Got snow? We bet you do. If your back has been aching after a long winter of shoveling or blowing snow, maybe you’re doing it wrong. Here’s some advice from Consumer Reports home expert Eric Hado that’ll make clearing snow a little easier and get you through the rest of the winter injury-free.
Using a snow blower
If you have a snow blower, Hado says speed matters. Why? Go too slow and you won’t get much distance with your arc of blowing snow. Speed up and the snow could spill out the side of your machine. Experiment until you find the optimal speed.
Your clearing techniques should vary based on how your property is laid out. In general, you don’t want to throw snow on top of pavement you’ve already cleared. The snow that’s thrown from your blower will pack down and stick to the pavement and become harder to remove.
The best method for driveways that have clearance on both sides is to start in the middle and throw the snow toward one edge of the driveway. Make a U-turn then come back down the other side. Keep alternating. This way you won’t have to adjust the chute as often and any snow that falls short will be cleared on subsequent passes. Ideally, you won’t need a second pass.
If your house abuts the driveway, start on the side closest to the house. That way you won’t be throwing snow onto pavement you’ve already cleared.
Snow blower safety. Finger injuries, including amputations, accounted for about half of the more than 3,300 estimated emergency-room visits related to snow blowers in 2012. Back and shoulder strain were also common. Our experts say to take frequent breaks to avoid overexertion and never clean the auger with your hands.
With shoveling, you’ve got two choices. Shovel after every few inches of snow that falls or wait until the storm ends and remove the snow in layers. Remove only as much snow as you’re comfortable lifting.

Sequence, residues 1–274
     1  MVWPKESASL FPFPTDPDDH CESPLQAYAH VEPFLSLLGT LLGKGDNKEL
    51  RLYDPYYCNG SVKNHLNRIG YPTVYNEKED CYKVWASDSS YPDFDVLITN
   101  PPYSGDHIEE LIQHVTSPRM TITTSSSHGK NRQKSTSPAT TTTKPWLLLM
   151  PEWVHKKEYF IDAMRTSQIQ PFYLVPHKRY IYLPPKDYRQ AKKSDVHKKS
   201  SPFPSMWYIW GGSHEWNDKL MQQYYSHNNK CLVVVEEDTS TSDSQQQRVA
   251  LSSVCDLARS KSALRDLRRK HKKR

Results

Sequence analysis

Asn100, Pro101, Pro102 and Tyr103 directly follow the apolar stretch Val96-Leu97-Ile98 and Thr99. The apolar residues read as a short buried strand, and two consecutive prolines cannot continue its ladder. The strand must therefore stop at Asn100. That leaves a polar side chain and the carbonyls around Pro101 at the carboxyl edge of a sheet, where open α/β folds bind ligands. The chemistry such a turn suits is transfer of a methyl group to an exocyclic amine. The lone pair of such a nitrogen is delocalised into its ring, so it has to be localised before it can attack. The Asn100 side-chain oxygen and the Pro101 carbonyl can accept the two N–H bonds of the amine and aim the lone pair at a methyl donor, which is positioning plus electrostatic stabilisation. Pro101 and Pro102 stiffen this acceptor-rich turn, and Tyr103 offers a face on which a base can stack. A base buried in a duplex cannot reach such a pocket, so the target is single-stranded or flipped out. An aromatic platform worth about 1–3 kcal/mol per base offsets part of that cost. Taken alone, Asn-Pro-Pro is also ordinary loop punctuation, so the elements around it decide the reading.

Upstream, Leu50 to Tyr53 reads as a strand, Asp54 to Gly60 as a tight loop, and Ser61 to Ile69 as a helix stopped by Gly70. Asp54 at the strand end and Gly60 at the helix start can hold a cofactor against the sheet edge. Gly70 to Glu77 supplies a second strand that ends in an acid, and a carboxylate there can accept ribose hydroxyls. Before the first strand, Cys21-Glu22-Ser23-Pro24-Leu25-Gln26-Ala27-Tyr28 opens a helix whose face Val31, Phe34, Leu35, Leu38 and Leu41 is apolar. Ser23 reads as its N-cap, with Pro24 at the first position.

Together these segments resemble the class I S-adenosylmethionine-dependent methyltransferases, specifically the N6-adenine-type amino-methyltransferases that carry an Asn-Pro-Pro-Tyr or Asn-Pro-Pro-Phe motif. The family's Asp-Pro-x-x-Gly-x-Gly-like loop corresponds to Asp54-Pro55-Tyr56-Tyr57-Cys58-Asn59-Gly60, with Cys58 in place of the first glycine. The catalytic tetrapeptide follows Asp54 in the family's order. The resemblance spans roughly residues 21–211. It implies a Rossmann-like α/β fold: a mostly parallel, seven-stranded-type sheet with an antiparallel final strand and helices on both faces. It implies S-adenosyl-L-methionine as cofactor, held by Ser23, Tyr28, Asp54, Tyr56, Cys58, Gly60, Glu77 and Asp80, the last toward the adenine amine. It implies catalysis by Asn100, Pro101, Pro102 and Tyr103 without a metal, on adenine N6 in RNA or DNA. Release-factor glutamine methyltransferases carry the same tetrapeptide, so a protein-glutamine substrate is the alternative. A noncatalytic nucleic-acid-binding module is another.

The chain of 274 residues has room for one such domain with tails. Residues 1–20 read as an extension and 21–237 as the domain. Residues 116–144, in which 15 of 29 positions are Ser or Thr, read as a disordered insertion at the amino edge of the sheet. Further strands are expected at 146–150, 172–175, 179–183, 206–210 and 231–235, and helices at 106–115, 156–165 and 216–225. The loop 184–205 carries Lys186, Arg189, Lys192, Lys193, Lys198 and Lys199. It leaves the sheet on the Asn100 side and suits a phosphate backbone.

Hado recommends clearing your driveway in two stages. First push the snow to the edges with a pusher shovel, such as #8 in the graphic below. Then use a garden variety shovel with sides, like #2, to shovel what’s left out of the way. Your best bet may be a versatile shovel configured for throwing, lifting, and pushing, like #1. If you have uneven pavement, an all-plastic shovel without a steel edge is less likely to catch.
Shoveling safety. An average of 11,500 snow shoveling-related injuries were treated in the ER each year from 1990 to 2006, according to the Center for Injury Research and Policy of the Research Institute at Nationwide Children’s Hospital. One in three of those injured suffered lower back problems followed by injuries to the arms, hands, and head. Slips and falls accounted for one in five mishaps and 15 percent of the injuries were caused by being struck by a snow shovel.
The right tools for the job
No matter what snow removal method you use, try to avoid driving or walking on the snow before you get started. Packed snow is harder to clear. And if the snow is sticking to the shovel or the snow blower’s shoot, spray either with silicone or, in a pinch, a cooking spray. To find the best tools for the job, check our appraisal of snow shovels as well as the results of our snow blower tests. And to make sure your cleared surfaces stay that way, see which ice melts work best and are safest for your pets and your property.